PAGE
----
Admitting you are addicted is a great first step in recovery and worth celebrating. However, it can quickly feel overwhelming to survey all the options in addiction treatment. There is a wide variety of options available, and for some living at home and attending treatment therapy on a flexible schedule through outpatient rehab will be a great option. But some people may benefit from residential addiction treatment programs where patients are provided with around-the-clock care in a supportive environment.
Length of Care
Residential programs vary in the length of the programs they offer in the following ways:
- Long Term – Some programs are designed for longer stays of six months or more. These programs, which are sometimes called therapeutic communities, may offer individualized apartments and other personalized amenities, which can make staying away from home for an extended period of time easier.1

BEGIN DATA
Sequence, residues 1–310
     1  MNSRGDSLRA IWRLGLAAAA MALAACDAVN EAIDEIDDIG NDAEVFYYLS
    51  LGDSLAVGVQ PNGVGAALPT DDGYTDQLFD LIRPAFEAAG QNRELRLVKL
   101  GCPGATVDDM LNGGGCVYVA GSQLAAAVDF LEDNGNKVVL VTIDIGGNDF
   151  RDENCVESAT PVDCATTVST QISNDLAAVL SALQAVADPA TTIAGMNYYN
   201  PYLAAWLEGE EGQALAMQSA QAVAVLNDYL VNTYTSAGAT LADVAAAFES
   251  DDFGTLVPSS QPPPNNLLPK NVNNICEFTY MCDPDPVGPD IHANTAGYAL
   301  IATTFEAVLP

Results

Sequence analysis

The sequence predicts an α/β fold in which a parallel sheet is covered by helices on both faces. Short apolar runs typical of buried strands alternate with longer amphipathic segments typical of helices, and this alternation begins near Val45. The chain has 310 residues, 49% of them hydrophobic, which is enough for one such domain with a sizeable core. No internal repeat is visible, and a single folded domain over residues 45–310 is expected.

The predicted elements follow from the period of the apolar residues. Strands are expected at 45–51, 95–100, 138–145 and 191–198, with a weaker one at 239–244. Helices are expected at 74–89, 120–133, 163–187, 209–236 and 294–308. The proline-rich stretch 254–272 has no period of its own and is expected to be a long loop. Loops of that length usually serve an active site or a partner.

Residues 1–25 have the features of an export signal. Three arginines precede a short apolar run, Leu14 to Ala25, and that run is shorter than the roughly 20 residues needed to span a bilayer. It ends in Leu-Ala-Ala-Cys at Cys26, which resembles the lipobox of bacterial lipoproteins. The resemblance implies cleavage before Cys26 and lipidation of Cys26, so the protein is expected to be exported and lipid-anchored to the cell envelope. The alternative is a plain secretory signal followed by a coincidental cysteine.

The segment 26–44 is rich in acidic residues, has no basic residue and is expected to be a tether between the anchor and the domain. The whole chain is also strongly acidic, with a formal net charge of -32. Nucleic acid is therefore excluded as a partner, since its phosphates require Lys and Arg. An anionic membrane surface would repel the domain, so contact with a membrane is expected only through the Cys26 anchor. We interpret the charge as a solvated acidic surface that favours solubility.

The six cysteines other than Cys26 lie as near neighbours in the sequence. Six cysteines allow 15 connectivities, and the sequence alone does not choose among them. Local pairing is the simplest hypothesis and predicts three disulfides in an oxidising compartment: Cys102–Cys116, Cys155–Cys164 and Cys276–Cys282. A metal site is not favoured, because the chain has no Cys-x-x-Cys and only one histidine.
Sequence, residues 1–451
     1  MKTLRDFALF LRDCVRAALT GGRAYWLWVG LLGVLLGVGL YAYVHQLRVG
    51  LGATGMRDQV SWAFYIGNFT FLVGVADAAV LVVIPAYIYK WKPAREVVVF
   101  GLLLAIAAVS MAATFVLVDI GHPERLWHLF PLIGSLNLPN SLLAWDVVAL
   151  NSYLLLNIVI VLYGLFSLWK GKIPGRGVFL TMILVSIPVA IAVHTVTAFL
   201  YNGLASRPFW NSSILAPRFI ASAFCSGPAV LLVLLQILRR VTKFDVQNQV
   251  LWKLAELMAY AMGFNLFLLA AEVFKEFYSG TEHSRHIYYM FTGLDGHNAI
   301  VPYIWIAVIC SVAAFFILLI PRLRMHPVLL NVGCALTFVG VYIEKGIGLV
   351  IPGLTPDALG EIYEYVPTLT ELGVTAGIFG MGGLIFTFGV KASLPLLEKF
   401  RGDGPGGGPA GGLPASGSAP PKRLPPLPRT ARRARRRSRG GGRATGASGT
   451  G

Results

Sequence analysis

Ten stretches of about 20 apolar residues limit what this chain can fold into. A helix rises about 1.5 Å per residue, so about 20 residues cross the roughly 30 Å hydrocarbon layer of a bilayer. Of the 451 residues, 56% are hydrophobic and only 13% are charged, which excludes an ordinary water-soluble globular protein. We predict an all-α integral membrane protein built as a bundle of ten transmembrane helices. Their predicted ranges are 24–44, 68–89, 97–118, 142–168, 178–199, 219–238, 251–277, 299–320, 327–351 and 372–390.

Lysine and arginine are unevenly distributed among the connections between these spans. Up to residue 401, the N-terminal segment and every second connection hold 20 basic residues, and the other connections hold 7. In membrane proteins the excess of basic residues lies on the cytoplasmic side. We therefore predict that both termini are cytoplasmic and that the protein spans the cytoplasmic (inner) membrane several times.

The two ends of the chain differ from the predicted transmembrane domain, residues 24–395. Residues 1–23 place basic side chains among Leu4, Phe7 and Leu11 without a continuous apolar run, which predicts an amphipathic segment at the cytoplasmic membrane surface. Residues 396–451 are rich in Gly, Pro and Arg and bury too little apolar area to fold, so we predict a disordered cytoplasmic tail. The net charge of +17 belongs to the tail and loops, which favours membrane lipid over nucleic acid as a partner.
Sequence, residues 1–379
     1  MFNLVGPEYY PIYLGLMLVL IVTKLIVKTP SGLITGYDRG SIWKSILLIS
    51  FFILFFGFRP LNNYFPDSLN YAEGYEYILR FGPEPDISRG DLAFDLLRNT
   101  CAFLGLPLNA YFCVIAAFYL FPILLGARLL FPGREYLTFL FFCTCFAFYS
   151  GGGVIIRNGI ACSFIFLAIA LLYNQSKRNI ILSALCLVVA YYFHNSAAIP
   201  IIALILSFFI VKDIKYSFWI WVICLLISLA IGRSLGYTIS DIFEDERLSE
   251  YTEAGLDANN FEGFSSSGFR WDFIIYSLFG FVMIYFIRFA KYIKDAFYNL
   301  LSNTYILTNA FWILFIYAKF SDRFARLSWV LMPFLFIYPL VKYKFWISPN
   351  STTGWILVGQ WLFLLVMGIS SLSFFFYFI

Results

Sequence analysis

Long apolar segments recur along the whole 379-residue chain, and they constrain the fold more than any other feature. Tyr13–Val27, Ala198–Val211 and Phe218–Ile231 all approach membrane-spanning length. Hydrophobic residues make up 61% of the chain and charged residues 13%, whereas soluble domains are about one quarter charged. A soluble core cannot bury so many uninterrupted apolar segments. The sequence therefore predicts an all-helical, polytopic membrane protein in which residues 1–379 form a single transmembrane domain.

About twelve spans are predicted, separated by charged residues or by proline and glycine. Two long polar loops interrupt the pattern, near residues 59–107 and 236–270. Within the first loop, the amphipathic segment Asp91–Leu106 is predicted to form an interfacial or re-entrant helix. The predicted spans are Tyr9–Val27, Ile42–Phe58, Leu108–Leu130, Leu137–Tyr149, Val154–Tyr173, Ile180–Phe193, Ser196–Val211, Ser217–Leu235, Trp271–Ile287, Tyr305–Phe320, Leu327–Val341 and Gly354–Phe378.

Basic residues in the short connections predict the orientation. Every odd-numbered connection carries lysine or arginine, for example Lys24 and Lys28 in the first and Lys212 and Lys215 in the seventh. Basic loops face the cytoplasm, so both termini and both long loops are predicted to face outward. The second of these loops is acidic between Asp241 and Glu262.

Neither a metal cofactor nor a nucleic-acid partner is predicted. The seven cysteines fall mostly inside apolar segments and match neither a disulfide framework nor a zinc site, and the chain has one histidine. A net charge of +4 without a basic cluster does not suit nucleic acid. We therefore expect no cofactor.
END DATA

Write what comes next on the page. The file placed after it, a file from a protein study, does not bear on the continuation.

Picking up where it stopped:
- Short Term – Other programs are designed for shorter stays of 12 weeks or even less. Some of these programs are intensive, designed to assist with both physical and mental crises. Other programs are milder and focus only on addiction.
A patient’s care manager will be helpful in making decisions about a length of stay. However, it is important to note that generally, patients who stay in treatment longer have better success rates of staying clean and sober.2
Many residential programs offer luxurious amenities to help patients feel more comfortable during their treatment. It also helps with retention as many facilities allow patients to leave whenever they want. If their accommodations are appealing, they are more likely to want to continue treatment.
In addition, some offerings that seem frivolous may actually have their roots within addiction treatment research. Many treatment modalities also have the effects of calming and relaxation to help patients process their recovery more easily.
When You Can’t (or Shouldn’t) Quit Alone